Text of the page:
BY MARCEL OKEKE
Marcel Okeke, a practising economist and consultant in Business Strategy & Sustainability based in Lagos, is a former Chief Economist at Zenith Bank Plc. He can be reached at: firstname.lastname@example.org; +2348033075697 (text only)
Given the fanfare, publicity blitz and diplomatic razzmatazz that surrounded the inauguration of the African Continental Free Trade Agreement (AfCFTA) just a little over a year ago, it is most apposite to evaluate the journey of the continental body that was to revolutionise intra-African trade in no time. Specifically, the continental body comprising 54 out of 55 members of the African Union (AU) with an estimated population of 1.3 billion, officially came into existence on January 1, 2021. The AfCFTA aims to create a single market for goods and services in order to deepen economic integration of Africa, and is projected to generate a combined gross domestic product (GDP) of about US$3.4 trillion. The agreement was brokered by the African Union (AU) in response to a growing realisation that trade integration across the African continent has long been limited by outdated border and transport infrastructure and a patchwork of differing regulations across dozens of markets.
However, despite the ratification of the trade deal with palpable glee by most African countries (except Eritrea), the political will to implement it remains in doubt going by the pace and protectionist stance and policies of many African governments. Indeed, apart from locating and setting up the headquarters of the AfCFTA in Accra, Ghana, primordial centrifugal forces tugging at the unity of the continent have been more at play than ever before. It is ironic that although preparations towards the take-off of the Agreement lasted long, the onset of the global pandemic in 2020 almost halted the plan. The novel Coronavirus which caused disruptions in global supply chains that lingered almost all through 2021, limited AfCFTA’s potential, as manufacturers of all hues across the continent suffered poor access to raw materials and to existing markets, forcing them to look inwards and explore new trade routes. Indeed, Covid-19, though a public health issue, virtually stalled globalisation; fostered protectionism, economic nationalism and near-autarchic practices in not a few jurisdictions.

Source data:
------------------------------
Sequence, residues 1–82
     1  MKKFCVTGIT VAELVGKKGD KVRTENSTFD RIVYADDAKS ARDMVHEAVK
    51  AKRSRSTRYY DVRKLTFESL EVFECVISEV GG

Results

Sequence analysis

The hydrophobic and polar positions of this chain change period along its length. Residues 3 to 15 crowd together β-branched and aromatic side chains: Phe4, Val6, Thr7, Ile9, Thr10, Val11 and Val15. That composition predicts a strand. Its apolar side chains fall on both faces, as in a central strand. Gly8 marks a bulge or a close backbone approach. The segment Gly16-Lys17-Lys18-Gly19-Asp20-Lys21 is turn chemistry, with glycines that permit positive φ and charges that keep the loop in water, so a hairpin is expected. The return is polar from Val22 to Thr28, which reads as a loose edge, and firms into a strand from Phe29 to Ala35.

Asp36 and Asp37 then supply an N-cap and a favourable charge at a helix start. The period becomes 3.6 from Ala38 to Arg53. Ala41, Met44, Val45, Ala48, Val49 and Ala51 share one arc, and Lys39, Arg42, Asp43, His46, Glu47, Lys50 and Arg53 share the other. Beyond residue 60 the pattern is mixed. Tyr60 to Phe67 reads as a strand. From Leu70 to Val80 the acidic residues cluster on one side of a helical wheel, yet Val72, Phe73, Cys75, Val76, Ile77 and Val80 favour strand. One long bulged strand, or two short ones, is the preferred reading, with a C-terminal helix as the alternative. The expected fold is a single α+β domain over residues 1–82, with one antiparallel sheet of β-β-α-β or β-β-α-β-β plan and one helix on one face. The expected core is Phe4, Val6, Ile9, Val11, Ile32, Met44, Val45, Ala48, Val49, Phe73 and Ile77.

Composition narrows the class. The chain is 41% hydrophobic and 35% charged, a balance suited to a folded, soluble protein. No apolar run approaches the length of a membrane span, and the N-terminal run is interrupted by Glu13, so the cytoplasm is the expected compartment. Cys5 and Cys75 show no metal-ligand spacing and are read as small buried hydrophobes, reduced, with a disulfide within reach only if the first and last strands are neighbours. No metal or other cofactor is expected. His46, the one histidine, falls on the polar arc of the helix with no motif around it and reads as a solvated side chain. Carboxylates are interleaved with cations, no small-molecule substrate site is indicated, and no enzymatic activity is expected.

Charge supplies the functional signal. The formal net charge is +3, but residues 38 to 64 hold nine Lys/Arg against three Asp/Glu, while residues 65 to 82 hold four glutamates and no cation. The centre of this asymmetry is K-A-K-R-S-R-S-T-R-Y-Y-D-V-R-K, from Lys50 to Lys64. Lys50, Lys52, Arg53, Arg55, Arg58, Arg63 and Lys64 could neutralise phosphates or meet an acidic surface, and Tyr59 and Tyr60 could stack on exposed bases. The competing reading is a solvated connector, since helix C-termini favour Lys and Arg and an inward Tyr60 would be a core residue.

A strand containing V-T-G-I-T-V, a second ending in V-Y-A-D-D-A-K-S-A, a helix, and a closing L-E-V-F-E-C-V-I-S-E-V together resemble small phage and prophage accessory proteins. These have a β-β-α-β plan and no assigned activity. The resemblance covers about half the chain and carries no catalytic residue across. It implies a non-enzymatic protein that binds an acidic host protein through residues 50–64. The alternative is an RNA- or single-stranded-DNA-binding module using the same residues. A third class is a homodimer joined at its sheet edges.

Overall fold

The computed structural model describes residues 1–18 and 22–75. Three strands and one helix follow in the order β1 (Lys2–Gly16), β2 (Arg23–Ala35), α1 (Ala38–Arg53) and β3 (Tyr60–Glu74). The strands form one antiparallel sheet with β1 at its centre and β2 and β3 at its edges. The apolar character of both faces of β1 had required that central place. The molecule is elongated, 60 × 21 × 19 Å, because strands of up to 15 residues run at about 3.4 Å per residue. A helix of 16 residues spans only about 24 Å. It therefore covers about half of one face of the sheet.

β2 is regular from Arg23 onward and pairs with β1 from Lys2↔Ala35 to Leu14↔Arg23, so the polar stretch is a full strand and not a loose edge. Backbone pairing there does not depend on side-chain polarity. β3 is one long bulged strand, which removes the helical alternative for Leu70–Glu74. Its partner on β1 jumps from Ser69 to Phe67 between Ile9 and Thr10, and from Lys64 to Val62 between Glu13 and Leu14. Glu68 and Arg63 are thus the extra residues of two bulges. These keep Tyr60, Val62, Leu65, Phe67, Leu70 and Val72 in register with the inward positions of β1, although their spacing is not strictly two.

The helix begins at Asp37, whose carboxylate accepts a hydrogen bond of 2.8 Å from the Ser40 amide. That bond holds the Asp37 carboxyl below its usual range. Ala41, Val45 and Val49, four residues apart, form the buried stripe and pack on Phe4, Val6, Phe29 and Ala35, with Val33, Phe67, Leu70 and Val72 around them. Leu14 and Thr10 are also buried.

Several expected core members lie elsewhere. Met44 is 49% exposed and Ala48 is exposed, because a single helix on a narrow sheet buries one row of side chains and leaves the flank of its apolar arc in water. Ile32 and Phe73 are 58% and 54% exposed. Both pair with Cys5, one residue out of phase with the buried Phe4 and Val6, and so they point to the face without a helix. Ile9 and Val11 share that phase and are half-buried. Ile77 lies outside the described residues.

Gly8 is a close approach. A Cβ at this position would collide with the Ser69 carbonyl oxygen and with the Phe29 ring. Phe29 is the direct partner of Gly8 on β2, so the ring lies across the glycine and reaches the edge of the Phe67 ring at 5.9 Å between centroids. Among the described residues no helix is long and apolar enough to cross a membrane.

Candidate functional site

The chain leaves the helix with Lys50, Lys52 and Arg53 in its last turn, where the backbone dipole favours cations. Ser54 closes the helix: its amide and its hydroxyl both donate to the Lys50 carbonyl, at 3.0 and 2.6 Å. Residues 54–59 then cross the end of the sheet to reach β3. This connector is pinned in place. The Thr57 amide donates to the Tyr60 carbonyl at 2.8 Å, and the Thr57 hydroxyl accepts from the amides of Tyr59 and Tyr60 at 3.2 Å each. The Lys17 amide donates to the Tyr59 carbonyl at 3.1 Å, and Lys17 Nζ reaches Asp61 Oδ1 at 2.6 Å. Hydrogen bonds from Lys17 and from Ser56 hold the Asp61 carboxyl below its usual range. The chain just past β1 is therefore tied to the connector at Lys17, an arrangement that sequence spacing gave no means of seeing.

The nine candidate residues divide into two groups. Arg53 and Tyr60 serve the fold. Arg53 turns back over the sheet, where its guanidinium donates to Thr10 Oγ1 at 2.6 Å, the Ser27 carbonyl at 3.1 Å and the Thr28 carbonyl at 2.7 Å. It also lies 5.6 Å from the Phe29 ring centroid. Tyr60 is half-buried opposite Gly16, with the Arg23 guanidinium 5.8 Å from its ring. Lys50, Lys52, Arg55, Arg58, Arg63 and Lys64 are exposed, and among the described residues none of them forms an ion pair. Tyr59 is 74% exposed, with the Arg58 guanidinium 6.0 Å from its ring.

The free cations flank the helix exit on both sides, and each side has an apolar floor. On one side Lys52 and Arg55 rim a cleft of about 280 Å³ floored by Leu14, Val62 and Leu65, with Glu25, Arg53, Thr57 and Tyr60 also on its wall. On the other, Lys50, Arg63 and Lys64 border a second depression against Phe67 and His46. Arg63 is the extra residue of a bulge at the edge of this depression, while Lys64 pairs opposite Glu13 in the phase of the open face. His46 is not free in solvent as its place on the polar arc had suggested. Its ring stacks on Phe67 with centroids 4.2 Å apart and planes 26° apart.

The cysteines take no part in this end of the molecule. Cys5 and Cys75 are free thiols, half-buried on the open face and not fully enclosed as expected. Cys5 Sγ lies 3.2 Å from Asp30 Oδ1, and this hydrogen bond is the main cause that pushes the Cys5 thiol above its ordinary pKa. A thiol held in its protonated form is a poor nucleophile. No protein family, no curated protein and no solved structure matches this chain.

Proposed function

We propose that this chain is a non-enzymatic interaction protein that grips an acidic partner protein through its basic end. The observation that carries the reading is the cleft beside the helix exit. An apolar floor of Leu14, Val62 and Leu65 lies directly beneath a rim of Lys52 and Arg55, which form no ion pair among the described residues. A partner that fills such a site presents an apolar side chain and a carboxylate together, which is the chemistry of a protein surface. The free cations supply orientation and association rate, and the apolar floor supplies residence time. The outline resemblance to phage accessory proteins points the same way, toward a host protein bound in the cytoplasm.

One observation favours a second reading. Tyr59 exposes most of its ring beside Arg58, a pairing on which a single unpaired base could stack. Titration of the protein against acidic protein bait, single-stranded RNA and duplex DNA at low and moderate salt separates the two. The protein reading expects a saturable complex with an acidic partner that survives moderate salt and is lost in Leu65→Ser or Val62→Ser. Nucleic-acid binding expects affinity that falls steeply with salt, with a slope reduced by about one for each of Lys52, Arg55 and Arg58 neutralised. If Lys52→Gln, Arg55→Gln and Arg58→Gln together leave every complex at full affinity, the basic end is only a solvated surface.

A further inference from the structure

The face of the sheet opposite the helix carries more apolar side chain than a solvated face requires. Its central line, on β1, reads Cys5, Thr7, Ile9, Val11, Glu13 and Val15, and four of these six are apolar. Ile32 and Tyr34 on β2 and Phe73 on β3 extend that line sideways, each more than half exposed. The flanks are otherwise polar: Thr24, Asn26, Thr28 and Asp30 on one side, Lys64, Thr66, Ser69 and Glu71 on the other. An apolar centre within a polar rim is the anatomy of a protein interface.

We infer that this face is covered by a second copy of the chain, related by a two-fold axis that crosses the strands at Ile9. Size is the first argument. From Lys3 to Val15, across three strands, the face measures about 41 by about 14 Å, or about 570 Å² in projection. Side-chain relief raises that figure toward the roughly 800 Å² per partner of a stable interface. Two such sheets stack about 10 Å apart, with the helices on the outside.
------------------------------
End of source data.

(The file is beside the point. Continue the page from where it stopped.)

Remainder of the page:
In point of fact, given the traditional trade links and linkages of most African countries, they preoccupied themselves with the rudimentary strategies of how to really ‘join the AfCFTA bandwagon’. Most countries, including Nigeria, were still dealing with lack of consensus on trade protocols; and could only commence the process of classification and reclassification of their products into ‘sensitive’ and ‘non-sensitive’ items and the timelines for full and/partial tariff removal on them.